Prior behavior and wording of norm nudge requests shape compliance and reciprocity

Andrea Pittarello*, Thekla Schmidt, Assaf Segel, Ruth Mayo

*Corresponding author for this work

Research output: Contribution to journalArticlepeer-review

1 Scopus citations


We examined the effect of explicit norm nudge requests for compliance in a field study on workplace dishonesty and three controlled experiments on reciprocity. The requests were presented either with affirmation (e.g., “please pay” and “please remember to pay”) or negation (e.g., “please, do not forget to pay”) and solicited by either one person or three people who were also the beneficiaries of compliance. We also explored how these requests affected first time and repeated behaviors. We found no effect of the number of people soliciting the requests. However, we did find that for first-time behaviors, any request increased compliance compared with no request, and those worded with affirmation were more effective than those worded with negation. We replicated this pattern in repeated behaviors—both at the group and at the individual level—but only when the initial compliance, before the request, was low. Importantly, no increase emerged when individuals did not receive requests, showing that requests only, and not regression to the mean, explained the effect.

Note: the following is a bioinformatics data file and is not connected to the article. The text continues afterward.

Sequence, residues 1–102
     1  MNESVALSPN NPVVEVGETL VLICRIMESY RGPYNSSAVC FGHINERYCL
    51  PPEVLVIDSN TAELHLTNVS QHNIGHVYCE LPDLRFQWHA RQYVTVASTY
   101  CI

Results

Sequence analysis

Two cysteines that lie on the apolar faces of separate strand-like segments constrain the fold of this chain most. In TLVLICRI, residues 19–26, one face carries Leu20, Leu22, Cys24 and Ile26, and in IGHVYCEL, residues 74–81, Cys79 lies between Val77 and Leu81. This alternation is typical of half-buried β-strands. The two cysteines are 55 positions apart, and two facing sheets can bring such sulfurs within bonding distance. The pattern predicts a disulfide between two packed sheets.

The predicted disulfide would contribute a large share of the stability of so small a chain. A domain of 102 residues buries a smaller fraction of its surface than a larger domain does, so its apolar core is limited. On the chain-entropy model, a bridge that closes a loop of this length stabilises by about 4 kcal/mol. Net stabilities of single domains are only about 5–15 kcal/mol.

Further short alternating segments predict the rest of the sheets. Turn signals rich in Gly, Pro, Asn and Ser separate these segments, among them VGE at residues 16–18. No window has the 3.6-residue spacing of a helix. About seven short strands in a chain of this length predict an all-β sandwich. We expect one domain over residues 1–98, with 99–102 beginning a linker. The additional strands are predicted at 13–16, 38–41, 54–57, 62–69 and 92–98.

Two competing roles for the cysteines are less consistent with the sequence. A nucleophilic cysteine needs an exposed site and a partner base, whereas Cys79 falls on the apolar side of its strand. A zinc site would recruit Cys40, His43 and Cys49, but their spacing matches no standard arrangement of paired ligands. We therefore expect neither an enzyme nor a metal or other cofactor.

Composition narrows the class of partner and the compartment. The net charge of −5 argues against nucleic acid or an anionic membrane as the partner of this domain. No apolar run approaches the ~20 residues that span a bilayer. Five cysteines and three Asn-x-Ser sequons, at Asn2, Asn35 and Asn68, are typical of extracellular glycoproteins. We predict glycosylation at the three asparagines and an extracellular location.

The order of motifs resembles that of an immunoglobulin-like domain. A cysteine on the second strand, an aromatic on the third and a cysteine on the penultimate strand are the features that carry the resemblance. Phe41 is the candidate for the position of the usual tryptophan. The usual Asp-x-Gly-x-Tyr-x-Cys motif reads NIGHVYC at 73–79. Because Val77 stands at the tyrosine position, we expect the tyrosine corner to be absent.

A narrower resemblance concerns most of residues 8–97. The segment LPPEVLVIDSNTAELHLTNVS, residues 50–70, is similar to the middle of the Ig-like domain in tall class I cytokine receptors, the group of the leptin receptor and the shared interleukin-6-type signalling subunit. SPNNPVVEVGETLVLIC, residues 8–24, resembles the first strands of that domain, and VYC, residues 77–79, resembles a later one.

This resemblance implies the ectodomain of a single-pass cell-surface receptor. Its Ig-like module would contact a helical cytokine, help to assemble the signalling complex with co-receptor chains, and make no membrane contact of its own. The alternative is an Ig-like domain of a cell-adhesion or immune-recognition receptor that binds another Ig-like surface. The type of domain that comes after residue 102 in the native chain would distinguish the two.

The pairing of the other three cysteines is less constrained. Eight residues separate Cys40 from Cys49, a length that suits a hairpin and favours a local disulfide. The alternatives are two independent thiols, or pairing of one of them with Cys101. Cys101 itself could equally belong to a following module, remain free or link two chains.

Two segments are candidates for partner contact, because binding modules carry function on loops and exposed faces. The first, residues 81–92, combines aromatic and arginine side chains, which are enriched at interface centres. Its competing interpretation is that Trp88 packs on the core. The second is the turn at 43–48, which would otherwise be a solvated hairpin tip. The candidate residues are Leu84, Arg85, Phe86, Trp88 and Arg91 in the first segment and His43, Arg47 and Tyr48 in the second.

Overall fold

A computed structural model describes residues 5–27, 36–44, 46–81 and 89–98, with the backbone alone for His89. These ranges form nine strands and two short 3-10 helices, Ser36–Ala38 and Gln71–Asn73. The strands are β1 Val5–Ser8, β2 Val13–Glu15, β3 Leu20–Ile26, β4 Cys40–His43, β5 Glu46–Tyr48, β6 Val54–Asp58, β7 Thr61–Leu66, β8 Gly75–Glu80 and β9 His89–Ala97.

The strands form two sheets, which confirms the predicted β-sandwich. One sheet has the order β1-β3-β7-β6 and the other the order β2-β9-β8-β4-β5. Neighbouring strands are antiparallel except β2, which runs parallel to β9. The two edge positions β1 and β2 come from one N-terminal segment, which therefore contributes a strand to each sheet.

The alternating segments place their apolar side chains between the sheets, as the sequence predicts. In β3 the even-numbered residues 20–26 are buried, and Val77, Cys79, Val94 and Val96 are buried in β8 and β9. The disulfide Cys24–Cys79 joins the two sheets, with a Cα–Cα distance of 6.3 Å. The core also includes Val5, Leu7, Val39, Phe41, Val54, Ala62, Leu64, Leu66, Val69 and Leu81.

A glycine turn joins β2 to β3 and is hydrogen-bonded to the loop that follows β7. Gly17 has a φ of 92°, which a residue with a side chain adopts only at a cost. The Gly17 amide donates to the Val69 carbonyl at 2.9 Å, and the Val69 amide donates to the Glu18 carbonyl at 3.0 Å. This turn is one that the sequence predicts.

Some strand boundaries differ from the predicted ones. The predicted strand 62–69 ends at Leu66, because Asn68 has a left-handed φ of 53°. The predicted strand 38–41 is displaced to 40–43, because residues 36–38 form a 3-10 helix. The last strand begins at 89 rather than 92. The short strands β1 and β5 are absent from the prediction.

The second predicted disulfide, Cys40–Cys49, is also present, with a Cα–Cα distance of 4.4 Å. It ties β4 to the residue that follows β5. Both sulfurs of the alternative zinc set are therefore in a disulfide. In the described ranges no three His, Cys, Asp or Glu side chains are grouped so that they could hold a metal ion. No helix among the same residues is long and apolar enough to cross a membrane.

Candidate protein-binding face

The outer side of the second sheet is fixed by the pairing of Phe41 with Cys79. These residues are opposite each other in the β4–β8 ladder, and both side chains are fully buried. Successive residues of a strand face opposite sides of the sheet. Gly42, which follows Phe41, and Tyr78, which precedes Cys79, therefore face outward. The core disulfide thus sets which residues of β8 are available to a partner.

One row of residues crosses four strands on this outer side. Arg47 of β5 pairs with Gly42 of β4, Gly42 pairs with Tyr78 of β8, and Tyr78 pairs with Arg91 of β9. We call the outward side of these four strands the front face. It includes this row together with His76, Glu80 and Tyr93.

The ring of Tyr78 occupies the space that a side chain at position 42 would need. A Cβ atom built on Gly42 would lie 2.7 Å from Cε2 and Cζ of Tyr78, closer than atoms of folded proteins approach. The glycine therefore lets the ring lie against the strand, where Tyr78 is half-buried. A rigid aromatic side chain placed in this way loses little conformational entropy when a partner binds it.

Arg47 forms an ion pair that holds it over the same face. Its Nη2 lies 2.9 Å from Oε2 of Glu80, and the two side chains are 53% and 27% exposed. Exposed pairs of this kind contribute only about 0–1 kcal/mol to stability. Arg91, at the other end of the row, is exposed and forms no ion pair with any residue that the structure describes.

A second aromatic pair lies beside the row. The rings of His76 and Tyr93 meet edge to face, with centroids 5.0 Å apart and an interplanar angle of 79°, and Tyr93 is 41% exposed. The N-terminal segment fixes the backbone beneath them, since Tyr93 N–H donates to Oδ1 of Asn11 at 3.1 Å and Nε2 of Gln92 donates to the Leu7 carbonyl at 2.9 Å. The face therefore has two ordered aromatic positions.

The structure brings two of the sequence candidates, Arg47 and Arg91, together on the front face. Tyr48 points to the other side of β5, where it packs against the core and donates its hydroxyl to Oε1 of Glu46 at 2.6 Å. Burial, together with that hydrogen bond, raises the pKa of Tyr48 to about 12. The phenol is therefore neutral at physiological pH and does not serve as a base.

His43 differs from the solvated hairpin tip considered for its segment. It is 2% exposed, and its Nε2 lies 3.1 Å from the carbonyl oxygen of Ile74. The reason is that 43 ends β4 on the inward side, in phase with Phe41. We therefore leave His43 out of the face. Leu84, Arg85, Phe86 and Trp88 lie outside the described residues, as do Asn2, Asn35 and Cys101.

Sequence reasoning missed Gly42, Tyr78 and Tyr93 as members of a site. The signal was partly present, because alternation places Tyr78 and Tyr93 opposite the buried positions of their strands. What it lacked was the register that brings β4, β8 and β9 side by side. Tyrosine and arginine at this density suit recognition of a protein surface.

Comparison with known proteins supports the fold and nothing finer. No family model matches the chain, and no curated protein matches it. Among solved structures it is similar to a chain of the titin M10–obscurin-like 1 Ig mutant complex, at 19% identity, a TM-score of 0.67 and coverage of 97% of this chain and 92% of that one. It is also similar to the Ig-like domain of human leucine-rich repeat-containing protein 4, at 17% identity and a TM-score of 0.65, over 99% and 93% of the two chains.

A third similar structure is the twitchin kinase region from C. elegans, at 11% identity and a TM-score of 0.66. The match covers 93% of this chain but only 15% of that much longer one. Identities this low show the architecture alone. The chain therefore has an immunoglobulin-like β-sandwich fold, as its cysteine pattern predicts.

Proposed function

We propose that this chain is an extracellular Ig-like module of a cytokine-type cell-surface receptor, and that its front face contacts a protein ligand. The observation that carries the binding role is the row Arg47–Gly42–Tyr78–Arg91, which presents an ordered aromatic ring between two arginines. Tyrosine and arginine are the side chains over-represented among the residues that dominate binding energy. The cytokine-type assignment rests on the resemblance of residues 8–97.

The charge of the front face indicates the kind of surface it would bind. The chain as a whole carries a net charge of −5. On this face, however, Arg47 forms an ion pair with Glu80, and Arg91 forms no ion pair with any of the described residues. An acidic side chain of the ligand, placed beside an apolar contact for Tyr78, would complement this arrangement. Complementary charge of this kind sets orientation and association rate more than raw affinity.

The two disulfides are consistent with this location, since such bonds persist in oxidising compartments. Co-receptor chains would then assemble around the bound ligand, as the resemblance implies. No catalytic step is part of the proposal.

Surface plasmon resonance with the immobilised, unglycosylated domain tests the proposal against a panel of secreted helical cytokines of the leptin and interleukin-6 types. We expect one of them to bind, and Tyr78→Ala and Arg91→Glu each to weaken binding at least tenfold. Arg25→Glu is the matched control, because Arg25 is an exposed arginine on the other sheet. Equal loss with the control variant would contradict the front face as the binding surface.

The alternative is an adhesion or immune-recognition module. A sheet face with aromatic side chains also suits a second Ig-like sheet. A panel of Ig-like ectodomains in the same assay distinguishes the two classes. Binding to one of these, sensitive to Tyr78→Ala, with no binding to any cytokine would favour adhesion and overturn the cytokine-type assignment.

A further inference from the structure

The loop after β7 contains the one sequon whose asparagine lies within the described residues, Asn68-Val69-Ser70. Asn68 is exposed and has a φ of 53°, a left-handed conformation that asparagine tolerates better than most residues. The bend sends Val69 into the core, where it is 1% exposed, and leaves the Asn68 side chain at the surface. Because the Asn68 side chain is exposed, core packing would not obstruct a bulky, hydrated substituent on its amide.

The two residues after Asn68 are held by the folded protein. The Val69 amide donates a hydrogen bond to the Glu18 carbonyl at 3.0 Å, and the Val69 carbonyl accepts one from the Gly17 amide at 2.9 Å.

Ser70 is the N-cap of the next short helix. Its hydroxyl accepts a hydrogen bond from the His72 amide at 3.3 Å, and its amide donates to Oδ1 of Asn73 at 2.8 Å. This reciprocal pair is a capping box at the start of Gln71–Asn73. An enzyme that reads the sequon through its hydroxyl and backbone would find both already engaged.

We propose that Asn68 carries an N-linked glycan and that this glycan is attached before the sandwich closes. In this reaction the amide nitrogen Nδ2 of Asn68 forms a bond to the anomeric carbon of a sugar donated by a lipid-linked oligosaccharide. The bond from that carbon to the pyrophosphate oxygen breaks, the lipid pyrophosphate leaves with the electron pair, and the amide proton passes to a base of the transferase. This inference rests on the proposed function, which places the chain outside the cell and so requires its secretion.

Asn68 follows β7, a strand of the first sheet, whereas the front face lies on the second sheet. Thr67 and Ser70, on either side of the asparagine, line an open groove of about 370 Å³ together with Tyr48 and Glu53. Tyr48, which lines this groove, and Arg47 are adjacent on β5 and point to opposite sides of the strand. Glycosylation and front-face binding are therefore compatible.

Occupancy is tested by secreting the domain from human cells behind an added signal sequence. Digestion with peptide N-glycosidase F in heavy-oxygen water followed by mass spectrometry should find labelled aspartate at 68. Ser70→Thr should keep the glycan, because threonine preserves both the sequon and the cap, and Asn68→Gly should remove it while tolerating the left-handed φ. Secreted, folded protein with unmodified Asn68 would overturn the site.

Original languageAmerican English
Article numbere2327
JournalJournal of Behavioral Decision Making
Issue number4
StatePublished - Oct 2023

Bibliographical note

Publisher Copyright:
© 2023 The Authors. Journal of Behavioral Decision Making published by John Wiley & Sons Ltd.


  • compliance
  • morality
  • norms
  • nudges
  • reciprocity


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